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  • Writer's pictureTinkers Bubble

Log-dogs and Hobnobs

Here is, after a very long time, an exciting update on Ol’Steamy.


Ol’ Steamy the steam engine has now been residing almost 3 years with James at Shaftsbury Steam Restoration. It has seemed, at times, a painfully drawn out process, crawling along with multiple hiccups and setbacks. She has been stripped to her bones, abdomen and thorax strewn, skeletal and sad. The doctors shaken head signifying condemning of another organ. Yet operation after operation has brought us a new fire box, boiler barrel, end plate thingy, boiler tubes, chimney and the other bit. Valves have been replaced, piston rings unstuck, rivets riveted and many, many holes bored and reamed. None of the structural elements on this period of steam engine are ‘off the shelf’, the way they were manufactured dictated tolerances demanding customisation. Therefore one single ¾ inch steel plate cost us 5k alone, as the dies had to be especially made to be hot pressed in a massive hydraulic press. This is all slow and highly skilled work, requiring at least 7 organisations to manufacture, repair, supply and test various parts.


But we hear faint on the winds of time, etheric puffings echoing through our dreams of tomorrow. She rises at first arthritic and grim faced from the fires of the metallurgists, limb for limb wrought together, the phoenix of industrialisation. The movement will start to come smooth as the sanguine oil warms and runs in her joints, animation creeping as dawn colours in to the day.


We aren’t quite there yet though, but James has said that in the next few weeks they might be able to perform the first pressure test – meaning that all the major components are nearly fully assembled. Sometimes a lot can happen in a couple of days, and sometimes it takes a days just to get something aligned and in the correct place. Such is the nature of the beast. But we are now, at least, always moving forwards, bit by bit. Everything has been manufactured that needs to be, and all materials procured. And when she does come back (hopefully this half of the year) we will essentially have a new engine, good for another 100 years! The final costs are coming in at 28k, plus a bit more for transport and setting up the mill again. 19.5k has amazingly been donated through our various fundraising requests, which has made this project feasible. To cover this last outlay we are looking to borrow £6000 as a medium term load, to be payed back in full by our woodland business as the mill gets running again. If you, or someone you know, would be interested in supporting us with this loan, please get in contact via our email address –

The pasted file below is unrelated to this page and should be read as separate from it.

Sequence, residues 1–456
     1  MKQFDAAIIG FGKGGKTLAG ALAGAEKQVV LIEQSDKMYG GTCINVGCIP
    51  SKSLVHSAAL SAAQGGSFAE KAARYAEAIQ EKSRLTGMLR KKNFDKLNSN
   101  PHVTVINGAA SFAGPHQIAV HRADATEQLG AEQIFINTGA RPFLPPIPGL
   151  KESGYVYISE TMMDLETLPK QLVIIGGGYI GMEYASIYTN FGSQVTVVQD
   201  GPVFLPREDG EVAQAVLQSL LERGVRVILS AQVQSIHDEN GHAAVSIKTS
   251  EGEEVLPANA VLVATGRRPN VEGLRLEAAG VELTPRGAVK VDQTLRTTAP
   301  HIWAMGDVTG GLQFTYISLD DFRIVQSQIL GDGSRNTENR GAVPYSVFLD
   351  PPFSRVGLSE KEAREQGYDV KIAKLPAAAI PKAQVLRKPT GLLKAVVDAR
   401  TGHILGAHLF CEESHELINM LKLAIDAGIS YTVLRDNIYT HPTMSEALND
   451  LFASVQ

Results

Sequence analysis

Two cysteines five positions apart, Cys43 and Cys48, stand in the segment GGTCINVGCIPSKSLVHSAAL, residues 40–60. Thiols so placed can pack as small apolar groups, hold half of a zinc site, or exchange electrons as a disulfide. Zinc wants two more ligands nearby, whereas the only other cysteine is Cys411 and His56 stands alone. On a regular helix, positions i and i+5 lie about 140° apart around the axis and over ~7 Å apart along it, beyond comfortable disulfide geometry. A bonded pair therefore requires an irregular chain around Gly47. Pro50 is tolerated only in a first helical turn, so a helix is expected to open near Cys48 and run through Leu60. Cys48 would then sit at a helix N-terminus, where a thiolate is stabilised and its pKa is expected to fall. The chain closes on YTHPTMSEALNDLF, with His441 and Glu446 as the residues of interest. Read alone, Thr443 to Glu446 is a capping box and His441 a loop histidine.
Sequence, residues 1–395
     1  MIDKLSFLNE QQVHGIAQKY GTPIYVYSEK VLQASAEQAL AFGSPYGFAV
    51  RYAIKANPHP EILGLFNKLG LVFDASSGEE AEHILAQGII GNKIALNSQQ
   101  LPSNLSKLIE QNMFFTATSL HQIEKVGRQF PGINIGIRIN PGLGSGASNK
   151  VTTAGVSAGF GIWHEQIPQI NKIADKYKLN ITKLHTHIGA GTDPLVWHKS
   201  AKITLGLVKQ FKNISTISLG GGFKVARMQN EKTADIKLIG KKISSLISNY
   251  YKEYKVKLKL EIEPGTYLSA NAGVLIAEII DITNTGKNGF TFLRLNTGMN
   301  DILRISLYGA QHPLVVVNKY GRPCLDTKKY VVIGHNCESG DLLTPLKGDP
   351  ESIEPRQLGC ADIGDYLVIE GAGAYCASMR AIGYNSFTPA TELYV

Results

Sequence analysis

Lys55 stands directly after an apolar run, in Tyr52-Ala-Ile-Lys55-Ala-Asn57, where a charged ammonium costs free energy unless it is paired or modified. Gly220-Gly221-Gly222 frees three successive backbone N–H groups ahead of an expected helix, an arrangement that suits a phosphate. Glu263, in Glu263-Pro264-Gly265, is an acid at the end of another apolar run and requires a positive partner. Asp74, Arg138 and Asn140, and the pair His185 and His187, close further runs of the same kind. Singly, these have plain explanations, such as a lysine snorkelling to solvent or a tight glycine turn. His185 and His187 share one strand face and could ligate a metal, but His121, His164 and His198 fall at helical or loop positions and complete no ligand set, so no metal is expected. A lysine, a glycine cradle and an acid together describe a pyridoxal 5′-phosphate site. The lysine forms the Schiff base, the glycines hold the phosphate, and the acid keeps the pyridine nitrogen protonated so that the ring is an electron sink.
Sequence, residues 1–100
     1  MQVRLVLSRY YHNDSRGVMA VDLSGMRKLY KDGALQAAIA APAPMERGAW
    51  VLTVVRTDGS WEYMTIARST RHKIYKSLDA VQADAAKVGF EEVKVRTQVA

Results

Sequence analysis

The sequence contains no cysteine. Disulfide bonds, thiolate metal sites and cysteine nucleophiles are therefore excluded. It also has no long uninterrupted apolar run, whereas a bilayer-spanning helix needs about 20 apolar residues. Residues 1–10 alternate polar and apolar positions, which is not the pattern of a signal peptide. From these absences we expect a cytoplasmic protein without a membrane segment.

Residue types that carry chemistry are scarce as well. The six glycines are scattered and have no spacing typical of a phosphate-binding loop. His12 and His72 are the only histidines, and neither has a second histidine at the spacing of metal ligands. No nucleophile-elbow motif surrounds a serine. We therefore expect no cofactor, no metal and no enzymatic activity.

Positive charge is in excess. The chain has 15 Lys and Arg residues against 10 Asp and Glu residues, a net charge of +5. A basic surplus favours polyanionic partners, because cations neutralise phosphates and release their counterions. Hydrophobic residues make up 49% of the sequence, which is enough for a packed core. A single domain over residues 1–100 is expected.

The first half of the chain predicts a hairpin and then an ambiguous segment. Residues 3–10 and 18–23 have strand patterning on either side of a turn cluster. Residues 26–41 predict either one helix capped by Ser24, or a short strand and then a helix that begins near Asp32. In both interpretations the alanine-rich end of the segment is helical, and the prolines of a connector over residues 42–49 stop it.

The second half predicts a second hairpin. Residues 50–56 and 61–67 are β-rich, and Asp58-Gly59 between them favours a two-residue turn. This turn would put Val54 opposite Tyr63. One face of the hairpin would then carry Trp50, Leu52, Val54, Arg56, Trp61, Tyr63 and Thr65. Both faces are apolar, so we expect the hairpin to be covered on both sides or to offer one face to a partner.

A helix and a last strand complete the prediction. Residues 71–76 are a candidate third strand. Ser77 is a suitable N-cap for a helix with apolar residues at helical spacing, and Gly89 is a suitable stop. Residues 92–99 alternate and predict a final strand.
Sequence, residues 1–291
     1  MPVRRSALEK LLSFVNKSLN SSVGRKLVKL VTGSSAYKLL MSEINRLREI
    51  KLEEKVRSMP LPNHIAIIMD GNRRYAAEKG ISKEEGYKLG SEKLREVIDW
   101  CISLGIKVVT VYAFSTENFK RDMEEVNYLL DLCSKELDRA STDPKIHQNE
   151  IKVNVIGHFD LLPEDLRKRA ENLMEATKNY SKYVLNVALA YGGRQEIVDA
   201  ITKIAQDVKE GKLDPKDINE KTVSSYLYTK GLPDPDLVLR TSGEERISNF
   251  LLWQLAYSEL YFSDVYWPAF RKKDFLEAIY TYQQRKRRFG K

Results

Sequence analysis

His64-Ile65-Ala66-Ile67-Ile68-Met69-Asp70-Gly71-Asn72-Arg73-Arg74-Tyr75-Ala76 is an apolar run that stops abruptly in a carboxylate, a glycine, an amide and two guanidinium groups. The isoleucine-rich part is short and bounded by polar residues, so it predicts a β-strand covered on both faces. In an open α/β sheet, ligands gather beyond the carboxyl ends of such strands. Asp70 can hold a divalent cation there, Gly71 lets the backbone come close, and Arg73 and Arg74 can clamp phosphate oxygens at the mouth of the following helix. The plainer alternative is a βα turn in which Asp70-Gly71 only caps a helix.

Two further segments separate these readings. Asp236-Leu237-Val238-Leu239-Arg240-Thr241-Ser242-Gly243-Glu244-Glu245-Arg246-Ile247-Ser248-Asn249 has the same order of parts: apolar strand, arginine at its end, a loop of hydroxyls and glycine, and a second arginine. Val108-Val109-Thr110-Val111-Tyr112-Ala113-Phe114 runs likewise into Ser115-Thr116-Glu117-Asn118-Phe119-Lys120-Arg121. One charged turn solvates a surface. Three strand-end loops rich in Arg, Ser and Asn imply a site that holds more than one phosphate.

On the theme of the steam engine, we have just had a wonderful weekend with some woody friends, prepping the timbers for the new structure that Steamy will live under. There were 6 of us hewing away with a multitude of axes, chalk lines, log-dogs and hobnobs. We have prepped sills, post, wall plates, purlins and rafter, some 2 meters long, some 9. We even had a little crack with my newly sharpened pit saw. We didn’t finish though, so are planning another weekend soon to finish the hewing and get in to the framing. I’m hoping to get some curved braces in for beauty, and there is a nice array of other projects to turn our hands to when we finish. There are huge log hives for our bees to be adzed out and set up, and trestles to make for the pit saw (plus other construction projects this summer and next). But only once Steamy is back will we erect the frame around her. If you are looking to develop your skills in working with traditional timber and carpentry and already have experience of working with hand tools and timber, and would like to join us for a weekend (either soon or in the future) drop Richard a line (07594 506084) or on our email!


Happy springing! Richard and all at the Bubble.

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1 Comment

Frank McKenzie
Frank McKenzie
Mar 15


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